“...can we really conclude that a human decision-maker is always more transparent and less biased than an AI model? Both need controls and checks.”

This can easily be read as ‘we have lived with human bias so we have to live with AI bias’. I’m not saying that AI bias is likely to ever be completed removed, but Nikhil Rathi seems to be saying that we shouldn’t get more worked up about the latter than about the former. For politicians, this would be a highly questionable position to take. For people in Big Tech, this would be a much less questionable position to take.

Rathi’s speech brought together two important concerns about artificial intelligence: consent and explainability. He then positioned them together in an interesting way. Let’s start with these two statements...

“We still have questions to answer about where accountability should sit – with users, with the firms or with the AI developers? And we must have a debate about societal risk appetite.”
“What should be offered in terms of compensation or redress if customers lose out due to AI going wrong? Or should there be an acceptance for those who consent to new innovations that they will have to swallow a degree of risk?”

He then brings in the ICO...

“We are open to innovation and testing the boundaries before deciding whether and what new regulations are needed. For example, we will work with regulatory partners such as the Information Commissioner’s Office to test consent models provided that the risks are properly explained and demonstrably understood.”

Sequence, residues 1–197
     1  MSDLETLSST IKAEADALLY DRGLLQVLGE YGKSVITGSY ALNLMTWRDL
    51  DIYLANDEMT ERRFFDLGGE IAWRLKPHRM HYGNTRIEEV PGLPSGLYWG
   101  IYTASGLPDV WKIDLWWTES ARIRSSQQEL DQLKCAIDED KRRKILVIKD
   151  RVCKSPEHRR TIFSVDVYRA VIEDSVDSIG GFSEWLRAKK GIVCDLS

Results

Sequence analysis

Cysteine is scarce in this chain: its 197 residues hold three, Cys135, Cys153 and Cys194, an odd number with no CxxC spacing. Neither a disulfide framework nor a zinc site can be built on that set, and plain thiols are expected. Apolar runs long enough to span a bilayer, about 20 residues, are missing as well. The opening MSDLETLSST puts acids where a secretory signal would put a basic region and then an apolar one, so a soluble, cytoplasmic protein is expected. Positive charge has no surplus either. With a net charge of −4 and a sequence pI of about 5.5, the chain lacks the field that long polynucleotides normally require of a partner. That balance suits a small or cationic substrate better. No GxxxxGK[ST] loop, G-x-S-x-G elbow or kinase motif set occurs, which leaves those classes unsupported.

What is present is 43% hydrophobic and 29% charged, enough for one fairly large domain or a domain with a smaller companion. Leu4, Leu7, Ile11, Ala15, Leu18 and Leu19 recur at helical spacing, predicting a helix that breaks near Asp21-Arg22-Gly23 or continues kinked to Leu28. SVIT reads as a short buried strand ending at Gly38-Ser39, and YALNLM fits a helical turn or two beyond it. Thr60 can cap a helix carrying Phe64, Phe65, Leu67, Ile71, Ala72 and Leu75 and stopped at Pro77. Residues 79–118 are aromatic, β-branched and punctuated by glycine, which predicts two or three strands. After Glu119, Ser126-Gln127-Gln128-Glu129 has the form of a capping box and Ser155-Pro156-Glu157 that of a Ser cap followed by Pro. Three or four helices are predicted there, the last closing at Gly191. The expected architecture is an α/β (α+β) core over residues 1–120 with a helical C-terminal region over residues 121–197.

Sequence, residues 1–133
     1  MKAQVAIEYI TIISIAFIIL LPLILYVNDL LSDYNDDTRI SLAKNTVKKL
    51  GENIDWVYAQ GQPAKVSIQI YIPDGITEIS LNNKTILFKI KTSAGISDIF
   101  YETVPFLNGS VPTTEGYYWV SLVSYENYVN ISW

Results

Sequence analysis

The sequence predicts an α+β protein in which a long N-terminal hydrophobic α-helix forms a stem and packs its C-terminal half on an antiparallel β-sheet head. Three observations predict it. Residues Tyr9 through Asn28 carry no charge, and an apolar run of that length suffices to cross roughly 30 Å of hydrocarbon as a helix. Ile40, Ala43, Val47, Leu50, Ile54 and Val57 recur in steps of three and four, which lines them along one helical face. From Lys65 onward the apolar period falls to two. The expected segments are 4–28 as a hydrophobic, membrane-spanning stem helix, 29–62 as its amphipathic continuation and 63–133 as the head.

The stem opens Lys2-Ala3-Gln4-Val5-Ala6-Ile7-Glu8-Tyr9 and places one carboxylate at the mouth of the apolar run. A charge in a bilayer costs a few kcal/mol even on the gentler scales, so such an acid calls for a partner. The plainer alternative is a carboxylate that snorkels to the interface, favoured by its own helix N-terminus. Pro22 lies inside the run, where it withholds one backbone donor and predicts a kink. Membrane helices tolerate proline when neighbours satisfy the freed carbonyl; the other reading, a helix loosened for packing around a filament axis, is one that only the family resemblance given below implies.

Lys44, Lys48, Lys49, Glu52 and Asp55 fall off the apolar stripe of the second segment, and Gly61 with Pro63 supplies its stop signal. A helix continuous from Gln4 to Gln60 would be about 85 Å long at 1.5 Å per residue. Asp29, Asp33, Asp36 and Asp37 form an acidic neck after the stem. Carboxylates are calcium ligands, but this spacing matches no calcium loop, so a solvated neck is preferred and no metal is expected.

What he is saying here is that consumers should expect to live with some degree of societal risk from AI. Given that bias is one of those risks, he’s in effect saying that consumers will have to live with AI bias just as they’ve had to live with human bias.

The question this clearly then raises is ‘how do you determine and manage that risk?’ He orientates his response around explainability and consent. Firms need to explain their use of AI, but without overwhelming people with detail. If consumers engage with firms that use AI, then they have the option to read the firm’s explanation of how the firms is using that AI. All this happens with a consent model used by the firm for that continued engagement.

Redrawing Accountability

That’s his narrative. Does it stand up? The answer to that depends on your perspective. If it’s a big tech or big firm one, then it does stand up. If it’s a consumer / public / small firm one, it doesn’t stand up. And the reason for it not standing up is that it redraws the lines of corporate accountability much narrower than public sentiment and academic research would think acceptable.

The reason for him doing so is that the FCA is prioritising the opportunities of innovation over the risks from innovation. So what’s wrong with that, you may ask – doesn’t the FCA support London being the fintech capital of Europe?